There was a time when the tirelessly debated question was whether we had ceased to believe, whether God had deserted our consciences and our societies. We were then talking about dechristianization, secularization, the abandonment of Christian values… Believing belonged to another era, more marked by obedience, or more inclined to hope.
This time and these questions seem outdated. Secularization, dechristianization, secularization…: the question has shifted. It is perhaps more a question these days of asking ourselves if we are still monotheists. The hypothesis of a contemporary paganism is not to be put forward solely because the guardian institution of belief, the Church, has lost not only its authority but also its legitimacy, having discredited itself through sexual crimes and , more generally, violence linked to abuse of power. This is the observation that imposes itself in the face of the multiplication of polytheistic phenomena and beliefs, from animism to divination, from sorcerers to oracles, the first manifestation of which was, in France, the craze for the feast of Halloween, which has largely replaced All Saints Day for our fellow citizens.
A protective God
It is not only because the Church has diluted the irreducible singularity of the Gospel that she has monetized it into a rather abstract appeal to the common good or to an indeterminate humanism. It is not simply because the Church no longer allows Christianity to make history, to nourish a culture, to change consciences. All this is true, and must be deplored. But the reason is also that we ended up believing only in a protective God.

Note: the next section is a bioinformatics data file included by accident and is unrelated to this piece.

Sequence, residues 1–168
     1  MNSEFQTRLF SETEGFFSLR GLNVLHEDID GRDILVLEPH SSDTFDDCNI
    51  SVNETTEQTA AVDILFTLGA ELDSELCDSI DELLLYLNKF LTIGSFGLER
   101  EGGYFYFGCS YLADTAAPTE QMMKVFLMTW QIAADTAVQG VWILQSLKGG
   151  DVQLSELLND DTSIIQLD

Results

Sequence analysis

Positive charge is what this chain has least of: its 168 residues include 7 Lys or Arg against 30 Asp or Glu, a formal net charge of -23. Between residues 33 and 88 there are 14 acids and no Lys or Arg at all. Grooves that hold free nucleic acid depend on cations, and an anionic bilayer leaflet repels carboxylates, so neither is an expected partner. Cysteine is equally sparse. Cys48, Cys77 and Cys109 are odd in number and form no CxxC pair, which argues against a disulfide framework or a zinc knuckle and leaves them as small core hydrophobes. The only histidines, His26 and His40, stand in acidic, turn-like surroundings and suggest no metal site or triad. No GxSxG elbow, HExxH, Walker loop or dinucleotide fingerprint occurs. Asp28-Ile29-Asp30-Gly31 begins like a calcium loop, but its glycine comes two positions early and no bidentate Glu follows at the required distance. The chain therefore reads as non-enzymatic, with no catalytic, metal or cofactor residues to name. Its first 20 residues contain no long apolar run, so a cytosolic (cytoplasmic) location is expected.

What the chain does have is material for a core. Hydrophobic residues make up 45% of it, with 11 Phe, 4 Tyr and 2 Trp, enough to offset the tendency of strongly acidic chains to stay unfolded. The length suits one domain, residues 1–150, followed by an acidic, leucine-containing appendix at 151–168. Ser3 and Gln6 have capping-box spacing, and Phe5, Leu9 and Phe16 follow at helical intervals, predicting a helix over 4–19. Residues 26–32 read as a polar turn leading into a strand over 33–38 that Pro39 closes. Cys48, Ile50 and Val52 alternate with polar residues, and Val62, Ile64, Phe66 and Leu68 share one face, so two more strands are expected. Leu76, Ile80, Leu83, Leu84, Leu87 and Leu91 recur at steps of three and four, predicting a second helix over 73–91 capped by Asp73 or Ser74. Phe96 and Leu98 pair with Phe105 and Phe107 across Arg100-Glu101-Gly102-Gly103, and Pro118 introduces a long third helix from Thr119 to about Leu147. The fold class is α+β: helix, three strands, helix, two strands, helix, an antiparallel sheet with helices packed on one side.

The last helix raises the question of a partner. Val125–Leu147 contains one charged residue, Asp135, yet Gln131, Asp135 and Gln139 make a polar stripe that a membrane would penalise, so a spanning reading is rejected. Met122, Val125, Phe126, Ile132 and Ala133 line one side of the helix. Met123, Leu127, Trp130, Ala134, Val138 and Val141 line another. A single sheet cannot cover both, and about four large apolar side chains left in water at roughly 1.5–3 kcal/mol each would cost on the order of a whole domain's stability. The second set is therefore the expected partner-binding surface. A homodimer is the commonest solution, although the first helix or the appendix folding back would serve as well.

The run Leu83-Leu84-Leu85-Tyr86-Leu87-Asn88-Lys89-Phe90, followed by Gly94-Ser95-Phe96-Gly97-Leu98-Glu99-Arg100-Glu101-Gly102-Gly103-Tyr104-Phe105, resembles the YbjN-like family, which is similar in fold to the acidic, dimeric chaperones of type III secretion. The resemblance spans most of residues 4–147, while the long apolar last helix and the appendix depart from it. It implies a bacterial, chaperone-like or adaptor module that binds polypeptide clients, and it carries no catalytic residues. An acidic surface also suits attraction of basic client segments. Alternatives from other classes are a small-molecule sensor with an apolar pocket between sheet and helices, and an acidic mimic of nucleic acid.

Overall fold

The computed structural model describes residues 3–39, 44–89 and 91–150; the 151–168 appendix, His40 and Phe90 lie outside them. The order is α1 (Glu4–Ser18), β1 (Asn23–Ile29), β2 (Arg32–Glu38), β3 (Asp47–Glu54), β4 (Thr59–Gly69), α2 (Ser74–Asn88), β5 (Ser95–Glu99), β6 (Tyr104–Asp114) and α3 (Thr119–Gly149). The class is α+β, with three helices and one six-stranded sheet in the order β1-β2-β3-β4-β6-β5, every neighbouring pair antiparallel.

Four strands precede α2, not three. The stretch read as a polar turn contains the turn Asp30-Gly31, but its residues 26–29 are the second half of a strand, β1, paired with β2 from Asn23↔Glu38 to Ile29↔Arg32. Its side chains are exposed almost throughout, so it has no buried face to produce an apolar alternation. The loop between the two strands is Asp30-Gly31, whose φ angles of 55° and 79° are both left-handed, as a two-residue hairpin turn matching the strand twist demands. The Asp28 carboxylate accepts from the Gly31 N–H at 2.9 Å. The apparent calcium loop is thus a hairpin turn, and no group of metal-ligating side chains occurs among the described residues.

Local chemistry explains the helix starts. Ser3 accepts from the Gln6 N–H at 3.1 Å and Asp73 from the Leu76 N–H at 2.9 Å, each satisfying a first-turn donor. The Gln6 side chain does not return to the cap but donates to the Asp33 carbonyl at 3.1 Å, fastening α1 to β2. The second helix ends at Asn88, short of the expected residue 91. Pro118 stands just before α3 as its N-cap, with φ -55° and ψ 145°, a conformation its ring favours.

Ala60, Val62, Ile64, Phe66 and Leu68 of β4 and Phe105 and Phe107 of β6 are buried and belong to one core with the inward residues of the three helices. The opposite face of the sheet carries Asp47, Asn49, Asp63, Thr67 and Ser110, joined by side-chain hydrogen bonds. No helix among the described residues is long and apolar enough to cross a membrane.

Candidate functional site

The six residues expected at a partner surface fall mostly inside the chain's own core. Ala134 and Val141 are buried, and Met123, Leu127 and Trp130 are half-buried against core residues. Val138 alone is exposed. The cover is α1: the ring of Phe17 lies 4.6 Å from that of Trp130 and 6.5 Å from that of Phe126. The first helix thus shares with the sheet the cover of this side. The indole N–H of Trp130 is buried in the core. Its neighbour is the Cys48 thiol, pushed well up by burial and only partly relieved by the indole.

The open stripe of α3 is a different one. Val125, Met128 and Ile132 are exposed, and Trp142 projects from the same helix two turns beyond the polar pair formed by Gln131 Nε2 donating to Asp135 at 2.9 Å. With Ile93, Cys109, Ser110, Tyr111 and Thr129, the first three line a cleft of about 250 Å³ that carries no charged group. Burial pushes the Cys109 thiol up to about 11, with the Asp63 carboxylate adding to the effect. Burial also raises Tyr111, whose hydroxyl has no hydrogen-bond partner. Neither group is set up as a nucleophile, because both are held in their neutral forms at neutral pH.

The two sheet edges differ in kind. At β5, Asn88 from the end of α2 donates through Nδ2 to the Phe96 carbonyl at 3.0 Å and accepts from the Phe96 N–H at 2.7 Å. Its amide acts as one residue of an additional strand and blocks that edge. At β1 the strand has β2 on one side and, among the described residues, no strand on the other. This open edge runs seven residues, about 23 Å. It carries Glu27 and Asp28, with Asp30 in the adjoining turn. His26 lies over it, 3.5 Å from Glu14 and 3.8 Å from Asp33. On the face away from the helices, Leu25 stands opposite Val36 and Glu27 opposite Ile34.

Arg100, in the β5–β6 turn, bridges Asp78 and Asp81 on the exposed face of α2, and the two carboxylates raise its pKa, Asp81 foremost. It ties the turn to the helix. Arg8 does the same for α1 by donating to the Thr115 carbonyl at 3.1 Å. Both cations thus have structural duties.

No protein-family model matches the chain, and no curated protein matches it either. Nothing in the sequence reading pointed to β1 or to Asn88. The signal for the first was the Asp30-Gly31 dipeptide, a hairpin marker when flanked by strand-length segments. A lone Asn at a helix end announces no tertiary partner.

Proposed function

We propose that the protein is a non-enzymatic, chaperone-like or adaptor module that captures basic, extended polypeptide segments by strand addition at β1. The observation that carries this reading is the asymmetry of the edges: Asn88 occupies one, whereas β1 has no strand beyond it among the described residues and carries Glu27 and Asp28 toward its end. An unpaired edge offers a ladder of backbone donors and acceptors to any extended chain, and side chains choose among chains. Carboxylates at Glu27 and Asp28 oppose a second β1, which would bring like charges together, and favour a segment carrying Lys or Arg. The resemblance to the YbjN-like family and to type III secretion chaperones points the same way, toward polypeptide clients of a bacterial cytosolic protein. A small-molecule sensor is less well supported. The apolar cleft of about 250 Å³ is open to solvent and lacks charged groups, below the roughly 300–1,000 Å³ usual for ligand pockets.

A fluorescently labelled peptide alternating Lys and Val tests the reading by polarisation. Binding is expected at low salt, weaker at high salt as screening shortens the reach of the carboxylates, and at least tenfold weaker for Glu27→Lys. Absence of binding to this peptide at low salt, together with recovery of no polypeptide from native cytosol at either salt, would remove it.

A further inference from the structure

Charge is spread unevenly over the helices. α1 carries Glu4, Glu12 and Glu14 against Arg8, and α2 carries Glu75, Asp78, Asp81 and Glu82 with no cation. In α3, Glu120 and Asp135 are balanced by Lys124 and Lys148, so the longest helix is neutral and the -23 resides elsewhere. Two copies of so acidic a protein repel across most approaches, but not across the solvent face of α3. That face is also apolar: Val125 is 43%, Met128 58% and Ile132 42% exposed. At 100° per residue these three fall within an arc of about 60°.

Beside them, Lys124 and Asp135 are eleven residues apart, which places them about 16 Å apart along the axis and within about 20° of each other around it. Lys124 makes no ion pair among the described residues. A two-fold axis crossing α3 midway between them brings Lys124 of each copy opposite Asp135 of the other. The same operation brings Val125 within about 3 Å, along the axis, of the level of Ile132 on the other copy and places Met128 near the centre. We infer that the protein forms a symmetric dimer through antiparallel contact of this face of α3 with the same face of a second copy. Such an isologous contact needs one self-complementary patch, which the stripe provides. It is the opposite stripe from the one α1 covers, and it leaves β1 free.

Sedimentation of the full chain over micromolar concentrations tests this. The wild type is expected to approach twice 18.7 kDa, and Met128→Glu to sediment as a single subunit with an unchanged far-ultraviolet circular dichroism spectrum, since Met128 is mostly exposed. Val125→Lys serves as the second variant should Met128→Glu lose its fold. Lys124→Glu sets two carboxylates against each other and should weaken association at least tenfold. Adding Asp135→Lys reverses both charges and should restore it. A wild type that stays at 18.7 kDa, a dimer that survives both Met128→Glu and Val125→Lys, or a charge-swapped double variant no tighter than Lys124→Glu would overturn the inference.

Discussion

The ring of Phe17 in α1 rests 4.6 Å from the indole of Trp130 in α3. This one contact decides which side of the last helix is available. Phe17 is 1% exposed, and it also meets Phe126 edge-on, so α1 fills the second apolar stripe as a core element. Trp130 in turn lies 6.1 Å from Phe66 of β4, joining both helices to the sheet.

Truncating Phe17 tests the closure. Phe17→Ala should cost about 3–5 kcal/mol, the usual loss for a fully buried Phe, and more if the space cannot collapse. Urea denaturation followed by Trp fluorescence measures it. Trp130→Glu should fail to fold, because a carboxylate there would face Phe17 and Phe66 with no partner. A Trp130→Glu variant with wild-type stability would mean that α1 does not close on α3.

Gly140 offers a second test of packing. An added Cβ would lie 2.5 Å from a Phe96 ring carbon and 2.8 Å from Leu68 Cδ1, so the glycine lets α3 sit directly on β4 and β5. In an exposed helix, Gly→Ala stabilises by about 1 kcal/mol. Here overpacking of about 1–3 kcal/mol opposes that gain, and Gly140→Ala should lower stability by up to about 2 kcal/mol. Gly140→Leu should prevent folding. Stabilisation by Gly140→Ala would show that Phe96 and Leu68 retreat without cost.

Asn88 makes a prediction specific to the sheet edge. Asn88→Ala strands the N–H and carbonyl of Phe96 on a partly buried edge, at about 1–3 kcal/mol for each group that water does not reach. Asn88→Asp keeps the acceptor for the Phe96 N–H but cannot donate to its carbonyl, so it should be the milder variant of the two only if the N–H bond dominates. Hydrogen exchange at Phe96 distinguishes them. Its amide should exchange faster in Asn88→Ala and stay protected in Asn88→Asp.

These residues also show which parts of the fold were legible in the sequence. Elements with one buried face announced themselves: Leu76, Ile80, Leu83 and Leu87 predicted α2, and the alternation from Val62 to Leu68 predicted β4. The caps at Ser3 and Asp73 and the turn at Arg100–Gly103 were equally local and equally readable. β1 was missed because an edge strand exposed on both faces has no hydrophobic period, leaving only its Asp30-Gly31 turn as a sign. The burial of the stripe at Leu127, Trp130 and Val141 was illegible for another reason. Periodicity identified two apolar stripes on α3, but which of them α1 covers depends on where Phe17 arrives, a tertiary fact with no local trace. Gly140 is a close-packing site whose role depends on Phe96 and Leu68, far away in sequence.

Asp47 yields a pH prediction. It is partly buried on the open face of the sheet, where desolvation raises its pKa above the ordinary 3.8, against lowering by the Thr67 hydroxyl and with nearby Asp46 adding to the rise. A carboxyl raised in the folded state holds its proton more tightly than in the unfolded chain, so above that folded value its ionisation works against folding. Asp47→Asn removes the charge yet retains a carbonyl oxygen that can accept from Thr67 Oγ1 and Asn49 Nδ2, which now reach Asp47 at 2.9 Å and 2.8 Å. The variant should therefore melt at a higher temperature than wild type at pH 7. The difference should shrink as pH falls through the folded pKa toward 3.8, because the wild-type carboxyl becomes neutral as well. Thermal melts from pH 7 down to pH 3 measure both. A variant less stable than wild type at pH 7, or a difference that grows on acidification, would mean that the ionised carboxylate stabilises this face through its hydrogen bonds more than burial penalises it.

An evolutionary view would have Christianity put an end to superstitious beliefs and practices. This is not the case: it is on the contrary because we have imperceptibly substituted the god of salvation, and therefore of fault and redemption, a protective God, that we have come today to dream of a world reinvested by the gods. For the God of monotheism fulfills this protective function less well than a plurality of divinities.
A religion of protection
I had read, in passing, this comment from Ricoeur on Freud: “Religion for Freud (…) is a compensation for the hardness of life (…) ; its task is to protect man (…). The new face that religion turns towards the individual is no longer that of prohibition, but that of protection. » Double clairvoyance: first of Freud, then of Ricœur. In order not to have to face the possibility that reality is not interested in us and that it has nothing to say to us, we have found comfort in God, not a reason for living, but a way of giving colors to life.
The area of competence of religion is therefore no longer life after life, but life itself. Hence the continuation of Ricœur’s analysis: “At the same time, (religion) addresses less fear than desire. » It is no longer associated with the imperative to save what must be saved, but it is there to respond to our desire for consolation and protection. A kind of insurance on life: everything will be fine, God is there to guarantee it.
Paganism, more effective